Telemedicine, the use of electronic communication to provide health care, has been relatively slow to catch on in some places, but many physicians who have incorporated telemedicine into their practice believe it can be advantageous.

It helps provide regular care to people in remote areas, saves time for patients and providers, and increases efficiency. In interviews with Renal & Urology News, two doctors share their experience with telemedicine.

Extended reach

Children’s Healthcare of Atlanta (CHOA) has had enough success using telemedicine that it is continuously expanding the service, said Larry Greenbaum, MD, PhD, the hospital’s chief of pediatric nephrology. The hospital has an internal “hub” that connects to a network of sites funded and equipped by the Georgia Partnership of Telehealth.

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These sites are set up in rural areas, allowing patients to connect with distant doctors. Nephrologists affiliated with CHOA use the technology for outpatients. At each remote site, there is a “presenter,” which might be a nurse or physician assistant, who performs a routine physical exam that the physician can see and hear with specially equipped stethoscopes, otoscopes, and ophthalmoscopes. The only part of the physical exam that cannot be easily transmitted is palpation of the abdomen.

Dr. Greenbaum said the technology provides access for families that might not be able to travel to Atlanta. Patients and parents do not need to miss a full day of school and work, respectively. It also allows them to monitor rural patients more frequently. “We can communicate by phone, but it’s just not the same as this kind of interaction,” he said.

Accessing a doctor when there is not one on hand is the main reason the Brody School of Medicine at East Carolina University in Greenville uses the technology. Tejas Desai, MD, Assistant Program Director for the university’s internal medicine residency program, said it allows doctors to be “in different places at the same time.”

Physicians, pharmacists, and residents all have either iPhones or iPads with cameras. If clinicians are with a patient and they need to connect with Dr. Desai or another senior-level physician, they use FaceTime, which connects the two parties via video.

“We don’t use it as a way to eliminate us from the room. We use it so when someone junior is there, he or she can talk with me,” he said. “We can see more people in a faster amount of time and give them the feeling they have been taken care of.”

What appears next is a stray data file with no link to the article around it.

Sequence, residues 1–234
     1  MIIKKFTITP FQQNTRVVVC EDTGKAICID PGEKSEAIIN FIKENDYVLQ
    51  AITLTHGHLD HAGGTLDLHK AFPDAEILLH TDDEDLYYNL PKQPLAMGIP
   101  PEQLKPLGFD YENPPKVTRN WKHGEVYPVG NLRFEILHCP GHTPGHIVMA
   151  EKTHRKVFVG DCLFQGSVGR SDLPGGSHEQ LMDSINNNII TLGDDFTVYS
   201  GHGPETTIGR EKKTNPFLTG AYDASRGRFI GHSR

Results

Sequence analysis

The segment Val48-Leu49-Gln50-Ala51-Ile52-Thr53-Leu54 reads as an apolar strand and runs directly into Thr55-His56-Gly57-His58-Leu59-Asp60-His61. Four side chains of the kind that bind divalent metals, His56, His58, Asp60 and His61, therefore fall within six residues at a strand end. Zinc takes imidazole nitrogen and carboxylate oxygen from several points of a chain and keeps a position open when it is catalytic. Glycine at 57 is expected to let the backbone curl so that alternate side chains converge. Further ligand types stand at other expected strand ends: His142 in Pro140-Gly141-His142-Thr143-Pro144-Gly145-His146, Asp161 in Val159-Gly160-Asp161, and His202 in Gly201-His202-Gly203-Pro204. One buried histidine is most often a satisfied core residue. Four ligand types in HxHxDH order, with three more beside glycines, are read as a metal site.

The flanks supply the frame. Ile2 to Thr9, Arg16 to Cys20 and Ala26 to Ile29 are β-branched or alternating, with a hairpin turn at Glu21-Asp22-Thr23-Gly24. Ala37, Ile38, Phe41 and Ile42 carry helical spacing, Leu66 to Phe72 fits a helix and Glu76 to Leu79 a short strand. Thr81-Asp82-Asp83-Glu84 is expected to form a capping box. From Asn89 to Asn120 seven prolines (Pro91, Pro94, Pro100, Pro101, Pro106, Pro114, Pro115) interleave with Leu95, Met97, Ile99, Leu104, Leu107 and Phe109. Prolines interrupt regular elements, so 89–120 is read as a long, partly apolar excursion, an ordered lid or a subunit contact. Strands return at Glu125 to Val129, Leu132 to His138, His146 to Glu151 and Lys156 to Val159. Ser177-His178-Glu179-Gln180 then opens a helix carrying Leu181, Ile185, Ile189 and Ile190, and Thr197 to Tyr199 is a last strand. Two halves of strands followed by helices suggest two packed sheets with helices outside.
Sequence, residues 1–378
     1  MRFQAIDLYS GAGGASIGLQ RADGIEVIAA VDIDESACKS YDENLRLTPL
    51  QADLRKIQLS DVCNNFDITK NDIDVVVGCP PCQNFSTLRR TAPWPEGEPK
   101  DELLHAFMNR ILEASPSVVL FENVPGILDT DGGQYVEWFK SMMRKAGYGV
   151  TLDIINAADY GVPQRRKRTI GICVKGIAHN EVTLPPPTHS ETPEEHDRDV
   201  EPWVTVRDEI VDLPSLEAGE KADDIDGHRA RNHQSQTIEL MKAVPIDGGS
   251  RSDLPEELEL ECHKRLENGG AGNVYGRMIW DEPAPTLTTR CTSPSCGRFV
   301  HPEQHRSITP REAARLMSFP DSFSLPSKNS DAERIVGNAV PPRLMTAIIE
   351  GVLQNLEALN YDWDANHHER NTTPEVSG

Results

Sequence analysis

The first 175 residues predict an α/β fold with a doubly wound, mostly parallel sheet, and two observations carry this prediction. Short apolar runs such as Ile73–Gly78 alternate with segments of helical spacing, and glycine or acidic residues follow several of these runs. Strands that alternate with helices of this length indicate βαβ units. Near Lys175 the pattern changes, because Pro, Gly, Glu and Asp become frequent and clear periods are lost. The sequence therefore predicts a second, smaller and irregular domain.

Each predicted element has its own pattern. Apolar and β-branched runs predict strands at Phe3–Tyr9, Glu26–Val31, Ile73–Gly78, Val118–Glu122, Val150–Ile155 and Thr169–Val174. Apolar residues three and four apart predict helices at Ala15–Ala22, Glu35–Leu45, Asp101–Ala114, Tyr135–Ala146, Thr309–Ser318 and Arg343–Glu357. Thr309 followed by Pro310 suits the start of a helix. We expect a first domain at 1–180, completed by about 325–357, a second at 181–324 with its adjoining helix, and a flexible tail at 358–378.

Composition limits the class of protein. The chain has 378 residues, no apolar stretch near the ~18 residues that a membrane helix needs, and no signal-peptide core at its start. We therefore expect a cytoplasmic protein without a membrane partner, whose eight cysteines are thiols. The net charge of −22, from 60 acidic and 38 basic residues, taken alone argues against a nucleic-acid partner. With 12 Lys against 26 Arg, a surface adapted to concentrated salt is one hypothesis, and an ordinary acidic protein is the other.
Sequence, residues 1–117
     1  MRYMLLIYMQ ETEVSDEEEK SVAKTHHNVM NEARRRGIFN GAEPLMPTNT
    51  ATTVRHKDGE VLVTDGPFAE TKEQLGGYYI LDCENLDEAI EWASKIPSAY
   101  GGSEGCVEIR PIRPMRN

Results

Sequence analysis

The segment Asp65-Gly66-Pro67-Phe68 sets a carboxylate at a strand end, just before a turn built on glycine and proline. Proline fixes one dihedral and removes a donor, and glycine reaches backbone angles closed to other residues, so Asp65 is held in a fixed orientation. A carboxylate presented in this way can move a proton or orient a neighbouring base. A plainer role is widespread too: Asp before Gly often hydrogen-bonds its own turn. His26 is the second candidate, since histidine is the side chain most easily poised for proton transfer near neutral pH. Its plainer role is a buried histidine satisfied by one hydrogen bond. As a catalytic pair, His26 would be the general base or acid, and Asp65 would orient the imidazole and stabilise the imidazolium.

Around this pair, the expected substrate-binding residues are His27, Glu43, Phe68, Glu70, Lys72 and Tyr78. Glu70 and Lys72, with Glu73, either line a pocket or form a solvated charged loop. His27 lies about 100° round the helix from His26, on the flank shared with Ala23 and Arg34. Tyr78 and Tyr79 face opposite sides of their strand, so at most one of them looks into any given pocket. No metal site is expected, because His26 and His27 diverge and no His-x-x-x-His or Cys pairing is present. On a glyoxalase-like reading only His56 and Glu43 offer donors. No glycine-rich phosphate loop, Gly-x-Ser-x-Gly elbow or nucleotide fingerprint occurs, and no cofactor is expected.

He uses it for talking with patients in a dialysis unit, lab follow ups, seeing a patient at home, summarizing information for family members, and to see a patient who cannot easily be moved. He also communicates with patients via e-mail so they use an office visit for more important things like a yearly physical.


Reimbursement is one of the biggest challenges of telemedicine. A handful of states including California, Louisiana, Texas, Oklahoma, and Kentucky mandate reimbursement by private insurance for telehealth services. The reimbursement rates may vary and aren’t always equivalent to an in-person meeting.

Medicaid reimburses for telemedicine in many states. Medicare reimburses for services such as outpatient visits, nutritional counseling, kidney disease education, medication management and end-stage renal disease-related services—but only for rural patients.

Another disadvantage, according to Dr. Greenbaum, is the imperfect physical exam. If clinicians suspect problems, they have to make sure the patient gets a hands-on exam by another physician.

Telemedicine should be avoided when patients have emergency needs, Dr. Desai said. It also should not be used for “really bad news” or as a replacement for a daily face-to-face visit with hospitalized patients.

Telemedicine tips

It might be helpful to speak with someone with experience using telemedicine prior to implementing a telemedicine program, said Dr. Desai, who offers the following advice:

  • Document all e-mails in a patient’s health record. Video conferences can also be recorded, saved, and uploaded into their record.
  • Only allow video conferencing from 9 a.m. to 5 p.m. No one wants to talk to a patient or other doctor while wearing sweats with kids in the background.
  • Require patients to initiate communication and agree to check it afterward for his response. Patients should be informed that serious issues should be handled by telephone and that their e-mail will not be answered on weekends.

Drs. Desai and Greenbaum do not recommend using programs like Skype for patient visits. The image quality isn’t great and there is no reimbursement for it (because there is no physical exam), Dr. Greenbaum said.

Dr. Greenbaum said he and his colleagues are fortunate to have the infrastructure they do. “I think it obviously makes sense with what I’m doing – outpatient visits with patients coming from a significant distance,” he said. “For people who have a practice that has a wide geographic coverage area it works really nicely.”


The Telehealth Resources Center provides a wealth of information on everything from training to staffing and legal issues to reimbursement information on here.

A Medicare reimbursement checklist for telehealth professional fees can be found here. The document highlights requirements for Medicare reimbursement, the services that are covered and their codes.